IF you're looking for a growth industry, look no further than the nearest jail. Americans now spend $20 billion a year to keep criminals behind bars. The numbers of prisoners and the cost of keeping them locked up is growing dramatically.
The United States has more people behind bars than any other country. The US is in the midst of the largest prison expansion ever. Taxpayers will spend $10 billion over the next few years for 170,000 new prison beds. Experts say it will not be enough.
For private prison companies like Wackenhut Corrections Corporation and Corrections Corporation of America (CCA), more prisons means more business. Virtually unknown a decade ago, prison contractors are gaining in popularity as states look for cheaper ways to finance, build, and operate their prison beds. Because they are able to run prisons for 10 to 15 percent less than state governments, private companies are currently operating prisons in 16 states.
While the overall prison population is growing at 8 percent this year, the number of privately run prison beds is rising 30 percent a year, says Charles Thomas, director of the Private Prisons Project at the University of Florida.
"Internationally, if you include contract awards on facilities under construction and the facilities now open, about 30,000 beds are being run by private contractors," Mr. Thomas says.
Nashville-based CCA dominates the world's private prison business. Founded in 1983, the company oversees more than 9,000 beds in six states, Britain, and Australia. Company revenues have tripled since 1988 and are growing at about 30 percent a year. In 1992, CCA's revenues were $90.1 million.
Texas, with more people behind bars than Britain, leads the trend to privatization. Nearly one half of the private prison beds in the US currently in use or under construction are in the Lone Star State, which is spending $2 billion a year to house prisoners. To make space for more prisoners, the state has spent an additional $2 billion since 1987 to build 87,300 more beds.
The Travis county sheriff recently ordered inmates to pitch six large tents at a prison on the outskirts of Austin. The tents will house 144 inmates that could not fit in the county jail.
The push for prison privatization in Texas has ensnared at least one Texas politician. Ray Hutchinson, husband of Texas's newly-elected senator, Kay Bailey Hutchinson (R), is a defendant in a $70 million lawsuit that alleges he and others were part of a conspiracy to defraud bondholders. The bonds were issued in 1989 to build private prisons in six Texas counties. But the state refused to use the prisons after they were built. The bond debt went unpaid. Texas Democrats are hoping the lawsuit will be a pr ominent issue in Sen. Hutchinson's reelection campaign next year. High-profile facility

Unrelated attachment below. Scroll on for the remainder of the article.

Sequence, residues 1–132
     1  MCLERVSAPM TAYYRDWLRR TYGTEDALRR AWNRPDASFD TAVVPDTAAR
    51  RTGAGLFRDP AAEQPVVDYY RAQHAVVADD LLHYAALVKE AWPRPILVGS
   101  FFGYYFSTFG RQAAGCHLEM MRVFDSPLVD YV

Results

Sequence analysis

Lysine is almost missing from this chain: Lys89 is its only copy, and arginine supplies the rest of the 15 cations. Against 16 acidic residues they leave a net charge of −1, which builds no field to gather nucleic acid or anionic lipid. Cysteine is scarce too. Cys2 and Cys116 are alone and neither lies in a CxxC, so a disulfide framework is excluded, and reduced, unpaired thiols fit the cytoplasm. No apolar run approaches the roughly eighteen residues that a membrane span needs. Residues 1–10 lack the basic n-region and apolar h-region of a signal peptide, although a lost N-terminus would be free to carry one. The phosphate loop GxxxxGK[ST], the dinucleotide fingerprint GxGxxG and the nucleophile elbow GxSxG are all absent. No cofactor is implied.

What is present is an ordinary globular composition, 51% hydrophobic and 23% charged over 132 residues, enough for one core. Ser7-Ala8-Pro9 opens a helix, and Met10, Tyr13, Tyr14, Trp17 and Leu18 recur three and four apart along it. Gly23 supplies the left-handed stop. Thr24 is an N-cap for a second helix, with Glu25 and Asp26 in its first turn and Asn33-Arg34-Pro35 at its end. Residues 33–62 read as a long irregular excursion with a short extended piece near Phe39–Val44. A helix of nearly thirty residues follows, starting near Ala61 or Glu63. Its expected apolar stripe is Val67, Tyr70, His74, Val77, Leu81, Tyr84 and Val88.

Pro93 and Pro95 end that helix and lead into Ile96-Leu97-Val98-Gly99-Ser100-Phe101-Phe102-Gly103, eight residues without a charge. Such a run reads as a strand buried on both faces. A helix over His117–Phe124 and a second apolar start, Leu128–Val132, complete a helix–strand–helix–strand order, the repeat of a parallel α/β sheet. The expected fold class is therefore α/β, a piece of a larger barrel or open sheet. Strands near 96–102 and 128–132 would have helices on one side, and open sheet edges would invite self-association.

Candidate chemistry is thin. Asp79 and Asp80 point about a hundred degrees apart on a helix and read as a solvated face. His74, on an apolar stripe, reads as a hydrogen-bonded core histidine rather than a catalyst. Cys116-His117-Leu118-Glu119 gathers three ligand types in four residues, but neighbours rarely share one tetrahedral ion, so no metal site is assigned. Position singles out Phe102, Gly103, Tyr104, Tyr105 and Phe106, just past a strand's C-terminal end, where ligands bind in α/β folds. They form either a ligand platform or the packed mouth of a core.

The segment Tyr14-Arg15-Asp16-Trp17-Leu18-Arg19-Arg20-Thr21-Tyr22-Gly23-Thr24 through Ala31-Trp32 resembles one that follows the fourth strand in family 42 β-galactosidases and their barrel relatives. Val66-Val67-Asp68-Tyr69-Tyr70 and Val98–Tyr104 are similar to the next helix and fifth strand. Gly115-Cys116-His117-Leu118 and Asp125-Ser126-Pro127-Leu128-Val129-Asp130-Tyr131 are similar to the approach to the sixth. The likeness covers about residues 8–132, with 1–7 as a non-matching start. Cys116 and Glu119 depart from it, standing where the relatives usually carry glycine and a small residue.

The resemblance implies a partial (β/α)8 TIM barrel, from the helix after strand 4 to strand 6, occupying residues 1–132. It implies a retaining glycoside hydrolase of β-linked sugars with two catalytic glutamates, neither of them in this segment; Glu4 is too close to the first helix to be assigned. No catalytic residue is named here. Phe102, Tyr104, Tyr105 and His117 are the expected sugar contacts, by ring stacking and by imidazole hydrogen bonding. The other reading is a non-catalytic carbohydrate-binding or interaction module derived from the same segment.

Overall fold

Despite past problems with private contractors, the Texas Department of Criminal Justice is relying on Wackenhut to run one of the most visible facilities in the state. The New Vision prison in Kyle (which was profiled in the Monitor on July 26) treats inmates with chemical dependency problems. It is the first of 14,000 beds the state legislature has designated for drug treatment.
Open since May of last year, the prison was among the first of several specialized correctional facilities to be run by private contractors.
In February, Wackenhut opened a 500-bed prison in Lockhart, Texas, that will teach inmates a trade. Jeff Spoon, vice president for project development at Wackenhut, says it is the first privately run facility of its kind in the US. "We want to train these prisoners with high-tech and computer skills so they can compete in the job market," Mr. Spoon says. Several other states are interested in the trade prison concept, he says.
Wackenhut Corrections now operates 6,100 prison beds worldwide. The company operates 18 percent of all the privately run prisons in the US. Revenues for Wackenhut Corrections are climbing about 12 percent a year. Stock market responds
The move toward privatization has not gone unnoticed on Wall Street. Wackenhut's stock split 2 for 1 in January. And stock analyst Bill Oliver is bullish on CCA. "CCA is well positioned because we expect America's prison population to increase by 200,000 to 1.4 million by 1994," says the Nashville-based employee of The Equitable.
The international market also appears fertile for private prison companies. New Zealand and Australia are increasing the number of privately run prisons. Britain is also considering privatization. Several contracts were recently awarded and insiders say that half of Britain's prisons may ultimately be run by private concerns.
With less than 2 percent of all US prison beds run by private firms today, there appears to be plenty of room for expansion. Industry officials say that private firms could ultimately run 10 percent of US prisons, a figure that Spoon says is conservative.
Today, 25 states, the District of Columbia, and Puerto Rico have enacted legislation that allows contractors to run correctional facilities.
"That means that since 1980, the number of areas where prison contracting is legal has grown from zero to half the nation," Thomas says. "I don't think anybody knows how big this industry can get."